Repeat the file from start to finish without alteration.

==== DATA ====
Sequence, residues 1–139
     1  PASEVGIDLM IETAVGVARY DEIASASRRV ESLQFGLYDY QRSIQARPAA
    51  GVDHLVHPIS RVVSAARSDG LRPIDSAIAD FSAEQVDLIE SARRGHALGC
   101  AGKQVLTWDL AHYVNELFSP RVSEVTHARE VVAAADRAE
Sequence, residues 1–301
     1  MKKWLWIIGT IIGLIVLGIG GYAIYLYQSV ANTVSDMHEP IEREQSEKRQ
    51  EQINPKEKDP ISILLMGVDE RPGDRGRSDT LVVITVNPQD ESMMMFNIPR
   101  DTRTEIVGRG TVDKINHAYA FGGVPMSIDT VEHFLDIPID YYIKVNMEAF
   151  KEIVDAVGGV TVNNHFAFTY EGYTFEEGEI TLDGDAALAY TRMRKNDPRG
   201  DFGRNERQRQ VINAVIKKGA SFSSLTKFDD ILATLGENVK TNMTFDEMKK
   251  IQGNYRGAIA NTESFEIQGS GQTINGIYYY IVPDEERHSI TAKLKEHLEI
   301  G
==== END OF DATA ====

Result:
Sequence, residues 1–139
     1  PASEVGIDLM IETAVGVARY DEIASASRRV ESLQFGLYDY QRSIQARPAA
    51  GVDHLVHPIS RVVSAARSDG LRPIDSAIAD FSAEQVDLIE SARRGHALGC
   101  AGKQVLTWDL AHYVNELFSP RVSEVTHARE VVAAADRAE
Sequence, residues 1–301
     1  MKKWLWIIGT IIGLIVLGIG GYAIYLYQSV ANTVSDMHEP IEREQSEKRQ
    51  EQINPKEKDP ISILLMGVDE RPGDRGRSDT LVVITVNPQD ESMMMFNIPR
   101  DTRTEIVGRG TVDKINHAYA FGGVPMSIDT VEHFLDIPID YYIKVNMEAF
   151  KEIVDAVGGV TVNNHFAFTY EGYTFEEGEI TLDGDAALAY TRMRKNDPRG
   201  DFGRNERQRQ VINAVIKKGA SFSSLTKFDD ILATLGENVK TNMTFDEMKK
   251  IQGNYRGAIA NTESFEIQGS GQTINGIYYY IVPDEERHSI TAKLKEHLEI
   301  G